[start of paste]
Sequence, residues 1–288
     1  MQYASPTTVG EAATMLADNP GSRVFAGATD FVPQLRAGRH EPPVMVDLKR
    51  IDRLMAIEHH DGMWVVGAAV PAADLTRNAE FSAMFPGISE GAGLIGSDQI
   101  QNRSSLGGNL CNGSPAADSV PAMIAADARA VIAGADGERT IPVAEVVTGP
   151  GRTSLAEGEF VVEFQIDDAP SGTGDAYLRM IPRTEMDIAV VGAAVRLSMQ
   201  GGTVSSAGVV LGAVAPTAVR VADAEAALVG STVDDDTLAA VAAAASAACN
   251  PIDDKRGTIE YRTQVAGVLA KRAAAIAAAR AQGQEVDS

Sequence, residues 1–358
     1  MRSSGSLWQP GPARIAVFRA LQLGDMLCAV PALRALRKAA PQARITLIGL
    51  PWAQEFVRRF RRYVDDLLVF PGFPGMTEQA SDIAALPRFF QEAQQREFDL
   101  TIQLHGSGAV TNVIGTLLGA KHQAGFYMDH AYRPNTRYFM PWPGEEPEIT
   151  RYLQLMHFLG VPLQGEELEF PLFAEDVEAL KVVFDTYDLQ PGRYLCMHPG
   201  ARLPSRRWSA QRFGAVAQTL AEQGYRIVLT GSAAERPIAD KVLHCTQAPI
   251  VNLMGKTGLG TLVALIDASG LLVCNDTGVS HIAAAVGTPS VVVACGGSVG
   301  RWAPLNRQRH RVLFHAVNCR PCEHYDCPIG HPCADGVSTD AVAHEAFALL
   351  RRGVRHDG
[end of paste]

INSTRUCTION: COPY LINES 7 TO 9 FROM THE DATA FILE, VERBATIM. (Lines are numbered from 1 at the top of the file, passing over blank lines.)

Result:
   251  PIDDKRGTIE YRTQVAGVLA KRAAAIAAAR AQGQEVDS

Sequence, residues 1–358
     1  MRSSGSLWQP GPARIAVFRA LQLGDMLCAV PALRALRKAA PQARITLIGL